Bees make more than honey. They also make gunk called propolis. And this “bee glue” is a powerful health balm with anti-cancer properties
Have you ever thought about your cookware increasing your risk for Breast Cancer? Modern cookware is designed to support our fast pace lifestyle: "no-mess and easy to clean". However, that "no-stick and easy-clean-up" comes with a high price.
Aluminum toxicity, a characteristically manmade problem, is now impossible to avoid, and has become a postmodern human rite of passage. Not only are we being exposed, daily, through environmental pollution in our water, soil and air, but many of our regulatory agencies consider it perfectly safe to intentionally consume or inject the stuff directly into our bodies
H. pylori infection is often treated with three drugs simultaneously, but not everyone responds favorably. Thankfully there are clinically confirmed natural, food-based alternatives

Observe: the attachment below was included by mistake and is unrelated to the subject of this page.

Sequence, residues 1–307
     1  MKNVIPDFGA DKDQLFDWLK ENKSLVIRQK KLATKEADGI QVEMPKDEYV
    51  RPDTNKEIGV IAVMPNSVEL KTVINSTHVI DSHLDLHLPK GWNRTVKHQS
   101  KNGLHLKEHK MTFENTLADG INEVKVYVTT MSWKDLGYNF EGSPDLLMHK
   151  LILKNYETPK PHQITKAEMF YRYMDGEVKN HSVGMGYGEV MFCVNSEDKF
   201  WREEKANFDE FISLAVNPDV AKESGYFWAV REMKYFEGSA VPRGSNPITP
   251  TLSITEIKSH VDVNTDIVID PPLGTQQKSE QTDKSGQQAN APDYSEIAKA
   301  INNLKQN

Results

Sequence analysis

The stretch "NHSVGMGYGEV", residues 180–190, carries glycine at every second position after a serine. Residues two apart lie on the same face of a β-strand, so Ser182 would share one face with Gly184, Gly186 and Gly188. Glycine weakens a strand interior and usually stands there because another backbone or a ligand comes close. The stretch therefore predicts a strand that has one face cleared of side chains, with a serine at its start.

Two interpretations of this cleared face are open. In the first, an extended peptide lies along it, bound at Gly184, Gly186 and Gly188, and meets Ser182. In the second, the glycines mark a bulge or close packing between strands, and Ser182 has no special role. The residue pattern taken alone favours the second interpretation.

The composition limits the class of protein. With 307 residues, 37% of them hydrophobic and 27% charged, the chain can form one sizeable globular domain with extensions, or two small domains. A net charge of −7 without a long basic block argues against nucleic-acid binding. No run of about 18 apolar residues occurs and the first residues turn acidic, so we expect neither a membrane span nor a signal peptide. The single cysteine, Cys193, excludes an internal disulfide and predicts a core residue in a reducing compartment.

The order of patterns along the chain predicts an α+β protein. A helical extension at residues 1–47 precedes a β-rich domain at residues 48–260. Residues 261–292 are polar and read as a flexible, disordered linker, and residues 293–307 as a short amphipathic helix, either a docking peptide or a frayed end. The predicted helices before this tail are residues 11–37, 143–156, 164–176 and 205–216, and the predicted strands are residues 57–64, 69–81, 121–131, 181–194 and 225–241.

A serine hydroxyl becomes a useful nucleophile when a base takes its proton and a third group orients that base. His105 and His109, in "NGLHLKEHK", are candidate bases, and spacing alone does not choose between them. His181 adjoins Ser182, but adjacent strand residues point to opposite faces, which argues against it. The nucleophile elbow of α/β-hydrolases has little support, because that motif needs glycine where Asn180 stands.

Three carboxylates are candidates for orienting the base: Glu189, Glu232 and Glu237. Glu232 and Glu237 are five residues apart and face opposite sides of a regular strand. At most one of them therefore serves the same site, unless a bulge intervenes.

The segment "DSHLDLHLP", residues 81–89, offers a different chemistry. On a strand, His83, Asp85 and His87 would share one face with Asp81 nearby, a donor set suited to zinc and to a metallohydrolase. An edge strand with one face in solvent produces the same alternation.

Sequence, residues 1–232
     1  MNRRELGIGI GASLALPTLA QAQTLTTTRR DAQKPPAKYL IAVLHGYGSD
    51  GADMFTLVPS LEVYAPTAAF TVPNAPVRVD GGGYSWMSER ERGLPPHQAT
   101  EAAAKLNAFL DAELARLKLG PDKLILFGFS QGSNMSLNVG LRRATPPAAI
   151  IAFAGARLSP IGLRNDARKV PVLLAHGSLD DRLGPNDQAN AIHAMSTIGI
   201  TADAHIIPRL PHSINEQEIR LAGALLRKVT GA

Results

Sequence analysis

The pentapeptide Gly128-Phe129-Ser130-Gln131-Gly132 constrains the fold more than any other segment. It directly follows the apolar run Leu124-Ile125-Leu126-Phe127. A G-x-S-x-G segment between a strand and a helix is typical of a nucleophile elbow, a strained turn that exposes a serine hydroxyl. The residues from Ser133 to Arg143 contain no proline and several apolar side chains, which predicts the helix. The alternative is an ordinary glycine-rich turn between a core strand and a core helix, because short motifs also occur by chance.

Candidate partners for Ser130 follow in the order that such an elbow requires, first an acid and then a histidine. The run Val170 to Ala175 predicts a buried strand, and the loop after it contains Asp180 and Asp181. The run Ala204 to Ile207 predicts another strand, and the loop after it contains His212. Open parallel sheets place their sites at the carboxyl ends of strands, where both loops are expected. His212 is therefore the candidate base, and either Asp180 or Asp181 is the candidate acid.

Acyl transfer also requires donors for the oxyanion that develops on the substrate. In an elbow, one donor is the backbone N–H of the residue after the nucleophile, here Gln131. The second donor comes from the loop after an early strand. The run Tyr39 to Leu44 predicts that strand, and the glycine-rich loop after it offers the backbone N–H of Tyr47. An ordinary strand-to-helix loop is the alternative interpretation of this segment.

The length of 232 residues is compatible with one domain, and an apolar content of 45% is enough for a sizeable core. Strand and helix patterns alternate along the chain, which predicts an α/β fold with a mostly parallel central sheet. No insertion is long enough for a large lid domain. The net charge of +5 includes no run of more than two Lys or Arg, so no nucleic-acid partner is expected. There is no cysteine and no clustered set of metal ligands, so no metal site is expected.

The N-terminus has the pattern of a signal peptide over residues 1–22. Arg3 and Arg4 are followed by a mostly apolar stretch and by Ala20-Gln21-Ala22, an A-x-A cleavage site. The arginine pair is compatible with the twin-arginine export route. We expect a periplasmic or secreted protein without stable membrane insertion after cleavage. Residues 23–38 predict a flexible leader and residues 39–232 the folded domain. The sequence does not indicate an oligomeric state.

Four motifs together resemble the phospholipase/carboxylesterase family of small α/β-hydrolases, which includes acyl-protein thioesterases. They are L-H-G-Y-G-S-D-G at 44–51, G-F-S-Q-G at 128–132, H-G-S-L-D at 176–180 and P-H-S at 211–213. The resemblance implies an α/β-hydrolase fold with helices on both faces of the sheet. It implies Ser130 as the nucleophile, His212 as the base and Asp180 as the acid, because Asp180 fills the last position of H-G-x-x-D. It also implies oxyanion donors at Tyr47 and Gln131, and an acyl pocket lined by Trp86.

While the brain is technically microwaved through cell phone exposure, far too few do enough to reduce or avoid exposure. Solid research now exists showing that natural substances can reduce their harmful effects.
Bee propolis, a natural resin sourced from honeybees, hosts numerous health benefits thanks to its antiseptic, antimicrobial, antiviral and anti-inflammatory properties. Here, we’ve outlined eight of the main benefits of consuming bee propolis
An ancient herbal remedy, propolis has impressive anticancer properties, which act on the molecular level to reactivate protective genes, stop cancer growth and prevent metastasis.
Bees don't need us like we need them. If they disappear, our entire modern agricultural system would cease to produce the food we need to survive. But beyond their role in pollination and producing honey, they produce other remarkable gifts as well...
A study from Zheijian Provincial People's Hospital in Zheijiang, China indicates that a compound in turmeric known as curcumin, which gives the spice its characteristic saffron-like color, is capable of inducing cell death within triple negative breast cancer cells